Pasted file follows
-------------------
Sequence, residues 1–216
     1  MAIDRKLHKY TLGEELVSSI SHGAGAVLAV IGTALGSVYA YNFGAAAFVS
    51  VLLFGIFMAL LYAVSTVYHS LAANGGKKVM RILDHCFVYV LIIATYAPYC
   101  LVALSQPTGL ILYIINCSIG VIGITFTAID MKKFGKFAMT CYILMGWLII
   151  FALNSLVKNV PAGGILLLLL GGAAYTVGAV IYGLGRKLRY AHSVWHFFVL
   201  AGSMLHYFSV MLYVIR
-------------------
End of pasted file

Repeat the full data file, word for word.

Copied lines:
Sequence, residues 1–216
     1  MAIDRKLHKY TLGEELVSSI SHGAGAVLAV IGTALGSVYA YNFGAAAFVS
    51  VLLFGIFMAL LYAVSTVYHS LAANGGKKVM RILDHCFVYV LIIATYAPYC
   101  LVALSQPTGL ILYIINCSIG VIGITFTAID MKKFGKFAMT CYILMGWLII
   151  FALNSLVKNV PAGGILLLLL GGAAYTVGAV IYGLGRKLRY AHSVWHFFVL
   201  AGSMLHYFSV MLYVIR